During the season of Easter, we will learn this classic hymn about Jesus’ resurrection from the dead and his consequent enthronement as king who reigns from heaven over all:
See the Conqueror Mounts in Triumph
Music (melody) | Music (SATB) | Audio (tune only)
Text: Christopher Wordsworth 1862
Tune: Henry Smart 1868
1. See, the Conqu’ror mounts in triumph.
See the King in royal state,
riding on the clouds, his chariot,
to his heav’nly palace gate.
Hark! the choirs of angel voices
joyful alleluias sing,
and the gates on high are opened
to receive their heav’nly King.
2. Who is this that comes in glory,
with the trump of jubilee?
Lord of battles, God of armies,
he has gained the victory.
He who on the cross did suffer,
he who from the grave arose,
he has vanquished sin and Satan.
He by death has spoiled his foes.
3. Now our heav’nly Aaron enters
with his blood within the veil.
Joshua now has come to Canaan,
though the kings against him rail.
Now he plants the tribes of Israel
in their promised resting place.
Now our great Elijah offers
double portion of his grace.
4. You have raised our human nature
in the clouds to God’s right hand.
There we sit in heav’nly places;
there with you in glory stand.
Jesus reigns, adored by angels,
man with God is on the throne.
Mighty Lord, in your ascension,
we by faith behold our own.
This hymn not only expresses joy at Jesus’ resurrection but also shows its cosmic and historical significance. In stanza 1, we acknowledge the cosmic authority Jesus receives as a result of his resurrection. He once entered Jerusalem as a king riding humbly to his death on a donkey (Matthew 21:1-11; Luke 19:28-40). Because of his death and resurrection, he now he enters the heavenly New Jerusalem riding victoriously to take up his throne as the Son of Man who rules over all nations and the whole creation (Daniel 7:13-14; cf. Matthew 26:64/Mark 14:62/Luke 22:69).
Stanza 2 affirms the cosmic effect of Jesus’ resurrection. Opening with the question from Psalm 24:7-10 (Who is this king of glory?), the hymn affirms that Jesus is the fulfillment of the psalm. The Lord “mighty in battle (Psalm 24:8) is none other than Jesus, the “Lord of battles, God of armies,” a warrior-king who has emerged victorious in the ultimate battle against the enemies of all humanity and all creation: Satan, sin, and death. Thus, stanzas 1 and 2 combine both the imagery and the message of Revelation 19:11-16 to present the risen Jesus as the King of kings and Lord of lords mounted on a mighty war horse to tread down all of the enemies that corrupt and destroy God’s good creation.
Stanza 3 shows how Jesus’ resurrection is the fulfillment of God’s great salvation for the whole creation prefigured in limited ways in the history of Israel. Aaron was the high priest who led the people of Israel in worship at the Tabernacle (Leviticus 9). The risen Jesus has become the greater Aaron, the high priest who has entered the heavenly tabernacle on our behalf to lead all of his people in worship and give us all access to God’s heavenly presence and power (Hebrews 8-10). Joshua was Moses’ successor who led Israel into the promised land of Canaan (Joshua 1-24). Jesus is the greater Joshua who leads his followers into the greater promised land of a whole renewed creation where human life will flourish in perfection (Hebrews 4; Revelation 21-22). Elijah gave a double portion of his spirit and grace to empower his successor Elisha (2 Kings 2), and Jesus as the greater Elijah gives us the grace of his own resurrected life in and through his Holy Spirit (Romans 8:9-11) to work in us and empower us to continue doing what he has done (John 14:12-14).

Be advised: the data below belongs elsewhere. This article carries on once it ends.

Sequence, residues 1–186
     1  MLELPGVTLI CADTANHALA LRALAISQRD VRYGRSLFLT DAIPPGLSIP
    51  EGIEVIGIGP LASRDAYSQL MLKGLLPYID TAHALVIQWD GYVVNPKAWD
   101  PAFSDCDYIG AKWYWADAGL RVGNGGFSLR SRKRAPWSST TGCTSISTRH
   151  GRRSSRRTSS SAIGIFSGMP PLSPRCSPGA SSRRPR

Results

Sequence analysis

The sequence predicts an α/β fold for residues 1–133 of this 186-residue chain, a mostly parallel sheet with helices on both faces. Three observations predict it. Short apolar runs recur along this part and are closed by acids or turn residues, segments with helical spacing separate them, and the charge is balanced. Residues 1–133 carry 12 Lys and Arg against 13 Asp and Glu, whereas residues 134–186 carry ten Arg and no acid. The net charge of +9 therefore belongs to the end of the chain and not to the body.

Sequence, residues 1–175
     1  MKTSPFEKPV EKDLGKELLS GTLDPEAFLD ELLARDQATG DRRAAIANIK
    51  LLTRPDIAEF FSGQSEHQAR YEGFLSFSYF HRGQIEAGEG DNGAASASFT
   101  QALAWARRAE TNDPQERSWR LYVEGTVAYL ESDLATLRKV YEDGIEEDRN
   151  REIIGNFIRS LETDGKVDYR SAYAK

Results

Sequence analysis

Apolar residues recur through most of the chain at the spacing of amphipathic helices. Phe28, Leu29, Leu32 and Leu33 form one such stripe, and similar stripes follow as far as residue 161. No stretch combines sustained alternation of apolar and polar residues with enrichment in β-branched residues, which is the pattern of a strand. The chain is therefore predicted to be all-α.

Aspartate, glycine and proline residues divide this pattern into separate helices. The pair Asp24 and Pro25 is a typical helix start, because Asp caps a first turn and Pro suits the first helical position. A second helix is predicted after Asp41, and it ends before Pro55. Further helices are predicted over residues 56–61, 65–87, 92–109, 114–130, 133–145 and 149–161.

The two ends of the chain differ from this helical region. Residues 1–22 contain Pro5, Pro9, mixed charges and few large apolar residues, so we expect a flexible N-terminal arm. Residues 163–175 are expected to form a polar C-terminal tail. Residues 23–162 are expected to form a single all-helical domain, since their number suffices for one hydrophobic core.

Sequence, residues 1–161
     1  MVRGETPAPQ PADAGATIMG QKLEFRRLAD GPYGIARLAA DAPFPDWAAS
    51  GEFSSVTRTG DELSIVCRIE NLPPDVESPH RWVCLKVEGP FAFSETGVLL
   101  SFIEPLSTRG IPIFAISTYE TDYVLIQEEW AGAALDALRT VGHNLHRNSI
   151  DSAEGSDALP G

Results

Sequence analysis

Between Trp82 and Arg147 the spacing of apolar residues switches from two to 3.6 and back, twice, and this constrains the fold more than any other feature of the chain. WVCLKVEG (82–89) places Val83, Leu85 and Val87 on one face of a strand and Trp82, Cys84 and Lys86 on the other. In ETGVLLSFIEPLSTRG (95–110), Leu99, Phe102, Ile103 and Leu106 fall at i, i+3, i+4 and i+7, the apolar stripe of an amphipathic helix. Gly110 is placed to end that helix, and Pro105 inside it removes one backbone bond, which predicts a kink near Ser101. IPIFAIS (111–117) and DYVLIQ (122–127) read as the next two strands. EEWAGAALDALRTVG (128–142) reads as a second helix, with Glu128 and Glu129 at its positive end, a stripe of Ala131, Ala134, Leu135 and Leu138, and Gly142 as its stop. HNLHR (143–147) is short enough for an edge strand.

Stanza 4 reveals the vital connection between Jesus’ resurrection and ascension and the life and destiny of his people. Jesus’ resurrection and ascension to glory at the right hand of God the Father are not merely divine prerogatives. As the God-man, Jesus is the beginning of the future resurrection of all of his people and his whole creation. The future resurrection has already begun in history: Jesus is the firstfruits of the great final resurrection harvest to come (1 Corinthians 15:20), the beginning and firstborn from the dead (Colossians 1:18). In other words, Jesus’ resurrection and ascension is the preview and the foundation of God’s promise that all those who trust and follow Jesus will one day be raised to immortal life and glory in just the way that Jesus was (1 Corinthians 15:12-57), and the workings of the Spirit of Christ in us now are the beginning and downpayment of the complete salvation to come, even from death itself (Ephesians 1:19-22; Romans 8:9-39).